Stress and the functional gastrointestinal disorders


Stress and the functional gastrointestinal disorders

Given how closely the gut and brain interact, it becomes easier to understand why you might feel nauseated before giving a presentation, or feel intestinal pain during times of stress. That doesn’t mean, however, that functional gastrointestinal conditions are imagined or “all in your head. Thought can combine with physical factors to cause pain and other bowel symptoms. In other words, stress or depression or other mental factors can affect movement and contractions of the gastrointestinal tract and can make inflammation worse, or perhaps make you more susceptible to infection.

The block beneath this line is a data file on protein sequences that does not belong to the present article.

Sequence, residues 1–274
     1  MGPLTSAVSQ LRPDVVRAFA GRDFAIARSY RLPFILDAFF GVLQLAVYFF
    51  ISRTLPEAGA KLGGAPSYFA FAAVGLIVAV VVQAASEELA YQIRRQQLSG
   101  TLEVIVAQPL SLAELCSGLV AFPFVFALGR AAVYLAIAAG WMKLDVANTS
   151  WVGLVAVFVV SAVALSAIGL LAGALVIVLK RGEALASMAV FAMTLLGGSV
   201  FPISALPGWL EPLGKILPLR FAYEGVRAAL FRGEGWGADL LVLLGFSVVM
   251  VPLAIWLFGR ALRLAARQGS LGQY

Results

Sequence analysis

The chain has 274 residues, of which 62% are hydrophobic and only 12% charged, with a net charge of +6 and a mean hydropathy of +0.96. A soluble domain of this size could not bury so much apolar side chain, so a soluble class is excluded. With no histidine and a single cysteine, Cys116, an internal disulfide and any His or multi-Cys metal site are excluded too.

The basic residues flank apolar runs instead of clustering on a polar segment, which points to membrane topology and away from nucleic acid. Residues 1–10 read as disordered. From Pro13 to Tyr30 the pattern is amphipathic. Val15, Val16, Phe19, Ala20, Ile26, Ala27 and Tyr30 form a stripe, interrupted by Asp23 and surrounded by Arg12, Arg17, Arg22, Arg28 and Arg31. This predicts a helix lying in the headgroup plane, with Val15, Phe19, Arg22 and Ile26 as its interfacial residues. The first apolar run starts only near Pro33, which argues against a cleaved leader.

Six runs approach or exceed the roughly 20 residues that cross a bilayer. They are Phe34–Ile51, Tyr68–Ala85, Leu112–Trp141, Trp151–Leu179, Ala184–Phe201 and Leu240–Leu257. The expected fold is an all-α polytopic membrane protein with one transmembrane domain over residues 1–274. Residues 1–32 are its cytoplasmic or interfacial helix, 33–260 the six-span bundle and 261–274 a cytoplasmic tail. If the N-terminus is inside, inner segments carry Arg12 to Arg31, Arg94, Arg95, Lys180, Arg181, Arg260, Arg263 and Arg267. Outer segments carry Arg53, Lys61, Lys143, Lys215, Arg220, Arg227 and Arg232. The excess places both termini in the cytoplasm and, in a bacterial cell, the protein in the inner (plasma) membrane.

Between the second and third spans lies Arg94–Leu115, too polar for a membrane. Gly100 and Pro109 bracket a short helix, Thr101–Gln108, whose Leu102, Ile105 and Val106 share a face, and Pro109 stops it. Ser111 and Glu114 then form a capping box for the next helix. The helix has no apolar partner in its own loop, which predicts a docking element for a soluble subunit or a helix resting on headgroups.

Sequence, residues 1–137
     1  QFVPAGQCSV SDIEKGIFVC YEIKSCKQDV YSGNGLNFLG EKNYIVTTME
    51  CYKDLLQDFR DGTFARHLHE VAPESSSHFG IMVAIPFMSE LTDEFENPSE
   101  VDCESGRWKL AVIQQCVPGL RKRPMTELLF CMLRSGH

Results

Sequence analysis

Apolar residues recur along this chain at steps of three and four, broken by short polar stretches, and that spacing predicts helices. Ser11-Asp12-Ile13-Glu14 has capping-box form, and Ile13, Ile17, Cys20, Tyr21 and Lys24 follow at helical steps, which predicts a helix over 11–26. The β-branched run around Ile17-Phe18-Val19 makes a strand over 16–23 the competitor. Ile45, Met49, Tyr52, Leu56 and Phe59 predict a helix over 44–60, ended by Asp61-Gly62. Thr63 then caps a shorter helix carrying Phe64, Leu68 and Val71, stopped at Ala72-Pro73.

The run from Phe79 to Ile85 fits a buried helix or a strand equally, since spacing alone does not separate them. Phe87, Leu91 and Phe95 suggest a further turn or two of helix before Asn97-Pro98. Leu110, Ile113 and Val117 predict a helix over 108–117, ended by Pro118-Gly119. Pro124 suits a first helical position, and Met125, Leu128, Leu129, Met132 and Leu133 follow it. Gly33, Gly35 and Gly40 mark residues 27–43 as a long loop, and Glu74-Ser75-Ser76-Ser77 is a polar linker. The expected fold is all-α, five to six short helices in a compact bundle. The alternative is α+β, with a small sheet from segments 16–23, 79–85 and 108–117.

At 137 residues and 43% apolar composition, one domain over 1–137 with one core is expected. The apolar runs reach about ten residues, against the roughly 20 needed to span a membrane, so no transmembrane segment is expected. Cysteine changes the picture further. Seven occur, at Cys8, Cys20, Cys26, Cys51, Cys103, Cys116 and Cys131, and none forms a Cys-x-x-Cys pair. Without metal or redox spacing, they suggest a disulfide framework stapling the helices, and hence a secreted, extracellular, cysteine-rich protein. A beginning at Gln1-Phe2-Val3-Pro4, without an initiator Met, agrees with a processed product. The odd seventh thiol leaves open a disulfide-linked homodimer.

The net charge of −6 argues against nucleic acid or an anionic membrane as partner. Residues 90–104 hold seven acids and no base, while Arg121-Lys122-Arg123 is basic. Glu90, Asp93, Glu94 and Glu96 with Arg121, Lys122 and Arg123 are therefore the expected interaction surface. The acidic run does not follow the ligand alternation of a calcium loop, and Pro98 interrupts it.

In addition, research suggests that some people with functional gastrointestinal disorders perceive pain more acutely than other people do because their brains do not properly regulate pain signals from the gastrointestinal tract. Stress can make the existing pain seem even worse.

Based on these observations, you can expect that patients with functional gastrointestinal conditions can improve with treatment that relieves any malfunctions in the brain-gut communication system.  .

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